There's that Welsh-Indonesian humility again. Anwar is less restrained. He directs much of the blame for the industry's woes towards the country's politicians, who largely see film as a cash cow to be milked; the lack of financial support for film schools and festivals is stunting its development. He sees the exploitative attitude as part of the fabric of public corruption in the country that runs "from root to top". "There is no other way than killing the politicians off," he says, deadpan. "All of them." (This is apparently the plotline for his next film.)
Beneath the clipped, courteous tones many English-speaking Indonesians share, you suspect 36-year-old Anwar is a man of steely convictions. His father was a metal-worker, his mother sold fabrics; he grew up in the slums of Medan, North Sumatra, watching movies on the sly through the ventilation window of his local fleapit; he is self-trained. In 2009, his Twitter follower count mushroomed after he offered to run naked through Circle K [a supermarket chain]. Calculated self-promotion, yes, but he didn't forget to staplegun a message on: the tweet that accompanied the incriminating photograph read, "A promise is a promise, Mr Politicians."
Evans doesn't go in for that kind of stunt, but perhaps it's such reckless dynamism in the air around him that has allowed him to break out, where perhaps in the UK he wouldn't have made it. "Indonesia's been good to me," he says. "It's given me my career."
And he's keen to give back. He says he demands high cine-literacy from everyone working for him, and screens appropriate material for whatever project he is working on: Romain Gavras's video for MIA's Born Free was one visual touchstone for The Raid. So if Indonesia is lacking in film schools, there's always Evans's global-media mobile library in the meantime. Not that he sees his role as didactic, or, heaven forbid, political. "I'm an outsider in this country. I have to say, there are people like Joko and other film-makers who are much smarter than me when it comes to making films with a political subplot. If I was ever to do a film like that, I'd have to be 100% confident that I knew what I was talking about."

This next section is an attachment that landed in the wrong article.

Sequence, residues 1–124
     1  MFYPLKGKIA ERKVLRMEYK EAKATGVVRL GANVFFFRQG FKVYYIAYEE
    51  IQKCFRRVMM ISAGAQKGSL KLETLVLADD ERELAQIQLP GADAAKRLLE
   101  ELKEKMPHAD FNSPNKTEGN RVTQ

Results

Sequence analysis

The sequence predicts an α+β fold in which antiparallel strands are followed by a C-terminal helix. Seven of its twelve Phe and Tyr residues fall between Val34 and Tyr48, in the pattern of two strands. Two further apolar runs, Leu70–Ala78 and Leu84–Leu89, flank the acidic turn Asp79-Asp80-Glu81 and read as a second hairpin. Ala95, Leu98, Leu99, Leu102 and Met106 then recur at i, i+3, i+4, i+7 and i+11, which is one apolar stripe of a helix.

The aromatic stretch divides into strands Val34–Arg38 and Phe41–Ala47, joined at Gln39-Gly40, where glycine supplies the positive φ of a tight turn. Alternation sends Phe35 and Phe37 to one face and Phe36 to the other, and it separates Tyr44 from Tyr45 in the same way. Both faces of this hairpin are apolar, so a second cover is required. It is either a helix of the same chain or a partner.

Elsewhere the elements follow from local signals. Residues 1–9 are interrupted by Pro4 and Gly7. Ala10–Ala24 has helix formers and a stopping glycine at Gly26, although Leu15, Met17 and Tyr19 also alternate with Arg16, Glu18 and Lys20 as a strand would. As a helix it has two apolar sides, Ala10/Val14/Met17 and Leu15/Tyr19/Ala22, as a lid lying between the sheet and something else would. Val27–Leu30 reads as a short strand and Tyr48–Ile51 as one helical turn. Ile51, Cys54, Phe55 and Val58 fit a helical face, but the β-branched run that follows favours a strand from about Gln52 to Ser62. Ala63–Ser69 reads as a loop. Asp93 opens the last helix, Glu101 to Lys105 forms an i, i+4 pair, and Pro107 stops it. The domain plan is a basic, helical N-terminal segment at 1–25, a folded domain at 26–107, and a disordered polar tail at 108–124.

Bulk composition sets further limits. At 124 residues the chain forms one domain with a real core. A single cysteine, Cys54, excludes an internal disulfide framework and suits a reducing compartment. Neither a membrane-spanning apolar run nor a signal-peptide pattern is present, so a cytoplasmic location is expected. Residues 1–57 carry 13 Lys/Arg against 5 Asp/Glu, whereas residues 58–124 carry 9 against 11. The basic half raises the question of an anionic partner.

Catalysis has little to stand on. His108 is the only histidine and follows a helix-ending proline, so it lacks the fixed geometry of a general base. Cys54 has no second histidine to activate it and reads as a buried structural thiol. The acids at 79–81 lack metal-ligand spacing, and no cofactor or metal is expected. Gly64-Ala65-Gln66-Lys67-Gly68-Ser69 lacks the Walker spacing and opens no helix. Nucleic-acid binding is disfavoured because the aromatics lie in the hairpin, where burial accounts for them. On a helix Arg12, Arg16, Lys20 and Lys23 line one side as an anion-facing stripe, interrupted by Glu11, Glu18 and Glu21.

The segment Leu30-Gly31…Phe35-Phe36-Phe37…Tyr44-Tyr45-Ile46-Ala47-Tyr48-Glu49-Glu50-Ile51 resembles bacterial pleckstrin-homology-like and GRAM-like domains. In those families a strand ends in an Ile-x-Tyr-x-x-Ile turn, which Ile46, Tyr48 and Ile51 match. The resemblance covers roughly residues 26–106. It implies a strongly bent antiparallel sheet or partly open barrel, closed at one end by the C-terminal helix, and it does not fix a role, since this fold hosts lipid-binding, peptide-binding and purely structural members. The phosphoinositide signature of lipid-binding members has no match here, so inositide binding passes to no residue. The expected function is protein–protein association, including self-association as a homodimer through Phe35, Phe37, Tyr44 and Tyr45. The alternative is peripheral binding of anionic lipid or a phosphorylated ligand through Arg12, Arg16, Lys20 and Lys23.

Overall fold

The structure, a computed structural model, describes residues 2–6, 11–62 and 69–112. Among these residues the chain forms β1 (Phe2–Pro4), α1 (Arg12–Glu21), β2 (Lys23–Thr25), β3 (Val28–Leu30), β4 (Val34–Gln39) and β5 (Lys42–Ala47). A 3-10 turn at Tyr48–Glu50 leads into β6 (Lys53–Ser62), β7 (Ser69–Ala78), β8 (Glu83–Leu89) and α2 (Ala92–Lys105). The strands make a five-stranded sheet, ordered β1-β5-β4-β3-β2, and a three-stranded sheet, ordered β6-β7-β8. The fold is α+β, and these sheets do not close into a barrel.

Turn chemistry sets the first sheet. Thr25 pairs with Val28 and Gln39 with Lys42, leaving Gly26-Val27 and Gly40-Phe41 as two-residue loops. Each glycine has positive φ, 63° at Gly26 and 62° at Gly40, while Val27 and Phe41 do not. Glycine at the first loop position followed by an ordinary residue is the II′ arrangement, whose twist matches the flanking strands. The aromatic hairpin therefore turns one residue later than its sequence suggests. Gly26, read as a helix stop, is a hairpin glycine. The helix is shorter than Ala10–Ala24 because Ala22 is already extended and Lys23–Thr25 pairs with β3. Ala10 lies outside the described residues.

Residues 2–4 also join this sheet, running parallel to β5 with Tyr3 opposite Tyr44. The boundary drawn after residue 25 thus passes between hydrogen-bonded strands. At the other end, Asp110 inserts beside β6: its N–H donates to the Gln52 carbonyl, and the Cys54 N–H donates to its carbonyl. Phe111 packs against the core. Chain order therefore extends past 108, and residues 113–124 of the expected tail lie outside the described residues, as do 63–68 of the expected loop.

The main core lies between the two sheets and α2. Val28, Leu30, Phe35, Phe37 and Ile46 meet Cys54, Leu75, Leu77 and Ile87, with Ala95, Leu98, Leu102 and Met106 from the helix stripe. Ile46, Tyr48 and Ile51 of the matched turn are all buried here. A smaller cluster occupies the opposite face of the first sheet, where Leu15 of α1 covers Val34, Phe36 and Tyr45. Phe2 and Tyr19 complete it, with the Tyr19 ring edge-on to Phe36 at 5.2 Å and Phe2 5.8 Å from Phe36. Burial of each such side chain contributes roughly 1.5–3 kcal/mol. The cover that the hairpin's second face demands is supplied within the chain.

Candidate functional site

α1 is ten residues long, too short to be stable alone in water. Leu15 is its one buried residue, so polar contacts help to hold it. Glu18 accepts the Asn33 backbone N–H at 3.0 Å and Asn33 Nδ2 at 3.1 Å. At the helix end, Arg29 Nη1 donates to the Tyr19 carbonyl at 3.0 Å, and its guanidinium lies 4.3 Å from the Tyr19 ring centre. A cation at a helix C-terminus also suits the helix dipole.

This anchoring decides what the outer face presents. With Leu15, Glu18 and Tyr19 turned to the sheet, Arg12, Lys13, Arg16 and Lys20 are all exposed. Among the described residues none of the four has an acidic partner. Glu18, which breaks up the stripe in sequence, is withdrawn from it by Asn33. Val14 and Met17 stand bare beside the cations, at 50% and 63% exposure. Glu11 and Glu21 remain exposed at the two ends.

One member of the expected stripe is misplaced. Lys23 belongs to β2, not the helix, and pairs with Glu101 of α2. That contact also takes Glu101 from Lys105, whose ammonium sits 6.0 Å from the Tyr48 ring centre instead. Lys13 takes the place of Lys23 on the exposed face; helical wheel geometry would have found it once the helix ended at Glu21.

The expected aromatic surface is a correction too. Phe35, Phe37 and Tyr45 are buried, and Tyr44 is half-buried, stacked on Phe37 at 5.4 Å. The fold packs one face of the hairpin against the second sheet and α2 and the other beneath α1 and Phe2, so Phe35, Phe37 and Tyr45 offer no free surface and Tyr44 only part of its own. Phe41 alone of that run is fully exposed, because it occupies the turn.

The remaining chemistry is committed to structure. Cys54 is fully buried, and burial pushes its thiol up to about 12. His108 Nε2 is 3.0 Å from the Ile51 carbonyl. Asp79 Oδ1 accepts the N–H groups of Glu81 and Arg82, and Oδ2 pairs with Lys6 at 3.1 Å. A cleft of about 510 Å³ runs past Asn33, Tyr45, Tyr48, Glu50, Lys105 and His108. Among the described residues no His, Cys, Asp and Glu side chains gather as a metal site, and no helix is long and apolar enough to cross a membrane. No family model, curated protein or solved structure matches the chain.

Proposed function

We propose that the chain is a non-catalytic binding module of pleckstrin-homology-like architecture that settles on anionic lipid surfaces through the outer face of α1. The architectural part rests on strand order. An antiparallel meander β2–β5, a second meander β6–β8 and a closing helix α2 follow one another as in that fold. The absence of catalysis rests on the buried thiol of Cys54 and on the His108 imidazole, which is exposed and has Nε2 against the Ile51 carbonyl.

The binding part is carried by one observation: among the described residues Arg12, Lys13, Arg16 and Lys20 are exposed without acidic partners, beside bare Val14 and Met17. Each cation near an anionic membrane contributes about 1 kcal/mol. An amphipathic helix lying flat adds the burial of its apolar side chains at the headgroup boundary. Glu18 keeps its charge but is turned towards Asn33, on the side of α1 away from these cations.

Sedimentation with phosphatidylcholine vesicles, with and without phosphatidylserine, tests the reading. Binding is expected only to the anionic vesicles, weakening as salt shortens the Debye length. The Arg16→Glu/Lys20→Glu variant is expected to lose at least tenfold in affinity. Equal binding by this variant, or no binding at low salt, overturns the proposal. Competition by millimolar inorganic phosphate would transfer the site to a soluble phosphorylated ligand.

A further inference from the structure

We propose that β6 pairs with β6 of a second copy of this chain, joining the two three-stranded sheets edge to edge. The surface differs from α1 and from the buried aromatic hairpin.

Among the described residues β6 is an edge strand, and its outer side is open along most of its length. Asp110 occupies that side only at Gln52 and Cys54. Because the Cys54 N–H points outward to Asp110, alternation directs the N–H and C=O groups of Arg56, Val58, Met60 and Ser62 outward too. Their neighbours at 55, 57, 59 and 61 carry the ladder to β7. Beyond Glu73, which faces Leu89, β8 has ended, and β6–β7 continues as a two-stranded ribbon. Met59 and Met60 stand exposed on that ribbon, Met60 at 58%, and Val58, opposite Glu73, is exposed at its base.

Evans and Anwar were the Indonesian delegation at SXSW this year; The Raid was greeted by a predictably rabid fanboy howl, while Anwar's cabin-in-the-woods slasher Modus Anomali, his first English-language feature, seemed to elicit a full-on Twitter brainfart after its midnight slot: incredulity, anger, revulsion and swoons all at once.
That seems to be very much in the WTF tradition of the Indonesian commercial scene of years gone by, but Anwar is also hoping that international acclaim will result in his government finally taking its film-makers seriously (a realisation many other young nations, such as the United Arab Emirates, are acting upon). "We are still very simple-minded in the sense that if foreigners love our stuff, we think we should love it, too," he says. But it must already have something special for foreigners to be interested in the first place. The Welshman could tell him that.
• The Raid is out on 18 May.